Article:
It was a birds and bees kind of evening. My Book Buzz buddy Dawn had stopped by for a cup of tea. Thank goodness we checked the label on the cream carton. Our visit was as overdue as the expiration date.
The tea was nice, so was the conversation and the opportunity to catch up with Dawn’s daughter, Bailey, home from college for Christmas break. She’ll graduate from Mizzou this May, but there are life lessons her instructors haven’t covered.
They’ve taught Bailey to take wing, but she knows nothing about corralling a bird on the wing. That was apparent last Wednesday night.
We didn’t have time to Google “How to Catch a Bird in the House,” when Spark came in the garage door, said hi to Dawn and Bailey, and zipped out the front door to switch on the Christmas lights. Oh, we should have known.
We’ve had other birds take cover in the wreath on our front door but none have found the battery-operated fake pine one with the pink, purple and blue lights particularly alluring. Our feathered interloper must have been longing for Las Vegas.
I’ve never seen four people move so fast in my life. Dawn and Spark were the heroes you need in a crisis. Bailey on the other hand held her blond head and dashed toward the laundry room.
Who could blame her? There was something sur-real and alarming about a bird darting around, scared to death, flinging itself against the windows. Tippi Hedren’s blonde, and she wouldn’t have liked it either.
Bailey and I finally found a way to be of some use. We planted ourselves in front of the two doorways to the vaulted living room, waving our arms like windmills. We needed to do something — Dawn and Spark were chasing the bird around ready to throw a sheet over it when it landed, all the while being careful not to injure the terrified creature.
Dawn netted the nester on the screened-in porch and nearly went boots-up on the icy back steps. I was grateful for her youth and agility and really wanted to call the “bird buster” back to the house at midnight when that same bird, or a different one, got inside again.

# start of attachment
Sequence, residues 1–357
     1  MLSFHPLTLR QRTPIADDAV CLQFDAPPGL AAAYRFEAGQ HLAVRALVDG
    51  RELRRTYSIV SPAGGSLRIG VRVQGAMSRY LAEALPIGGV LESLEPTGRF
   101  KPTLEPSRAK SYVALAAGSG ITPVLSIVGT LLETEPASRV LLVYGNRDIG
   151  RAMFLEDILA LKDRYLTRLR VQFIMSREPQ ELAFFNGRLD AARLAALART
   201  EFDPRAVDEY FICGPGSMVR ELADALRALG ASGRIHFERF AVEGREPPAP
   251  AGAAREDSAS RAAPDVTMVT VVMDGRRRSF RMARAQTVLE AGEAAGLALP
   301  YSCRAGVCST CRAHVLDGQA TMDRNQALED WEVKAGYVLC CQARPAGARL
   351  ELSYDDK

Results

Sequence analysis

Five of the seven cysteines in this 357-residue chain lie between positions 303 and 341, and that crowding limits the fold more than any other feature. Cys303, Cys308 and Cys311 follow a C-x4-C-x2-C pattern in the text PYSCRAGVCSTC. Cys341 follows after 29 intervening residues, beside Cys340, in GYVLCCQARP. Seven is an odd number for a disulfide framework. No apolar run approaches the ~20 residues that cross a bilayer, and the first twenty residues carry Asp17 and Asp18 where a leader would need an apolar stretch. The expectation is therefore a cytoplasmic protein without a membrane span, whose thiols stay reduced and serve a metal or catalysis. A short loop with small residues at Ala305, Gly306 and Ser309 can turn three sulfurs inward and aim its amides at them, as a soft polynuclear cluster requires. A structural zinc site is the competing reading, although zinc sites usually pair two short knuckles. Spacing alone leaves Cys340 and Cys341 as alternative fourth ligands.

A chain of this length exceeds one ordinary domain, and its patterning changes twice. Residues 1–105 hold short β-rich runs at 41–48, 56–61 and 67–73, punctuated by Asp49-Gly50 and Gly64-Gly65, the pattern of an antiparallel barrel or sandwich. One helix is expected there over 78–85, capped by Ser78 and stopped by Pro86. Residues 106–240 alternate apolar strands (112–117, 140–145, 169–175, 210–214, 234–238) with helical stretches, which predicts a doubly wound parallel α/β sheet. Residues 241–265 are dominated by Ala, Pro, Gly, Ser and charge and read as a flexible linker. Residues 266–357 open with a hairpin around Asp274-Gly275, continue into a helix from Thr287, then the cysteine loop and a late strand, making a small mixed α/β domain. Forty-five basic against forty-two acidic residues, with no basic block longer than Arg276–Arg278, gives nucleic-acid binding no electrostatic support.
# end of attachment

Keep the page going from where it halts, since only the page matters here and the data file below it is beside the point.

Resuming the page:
How on earth could that happen, you might ask. I’d wonder the same thing. After our company left, I suggested to my significant other that it might be a good idea to take down the Christmas wreath in case the bird came back.
“I’d like to leave it up until we take the outside lights down,” he said. I bit my tongue and headed for a book, as he elaborated from the other room, “I’ll just slam the door back and forth a bit before I open it to scare the bird away, if it’s there.”
Around midnight I was eating my last bowl of granola and walnuts before my New Year’s diet, when I heard the door bang shut repeatedly, followed by “There’s a bird in the house,” and the sound of heavy shoes on the hall floor as Spark rushed to get another sheet.
This time the bird hid under a table before lifting up and away, roosting momentarily on the crown molding near the living room ceiling. We ran to close the bedroom doors and open the front door in hopes it would let itself out. Which is what it did — in record time.
No doubt the bird took pity on Spark, who was subjected to a string of “I told you so’s” by you know who, a wife of 40-plus years who shamefacedly went back to her granola, feeling like the biggest jerk in the world when her husband silently went outside to remove the Christmas wreath.
“Bye, bye, birdie” — “hello, guilt and apologies.” I’m eating humble pie in the new year. I hope the taste is bitter enough to stay with me.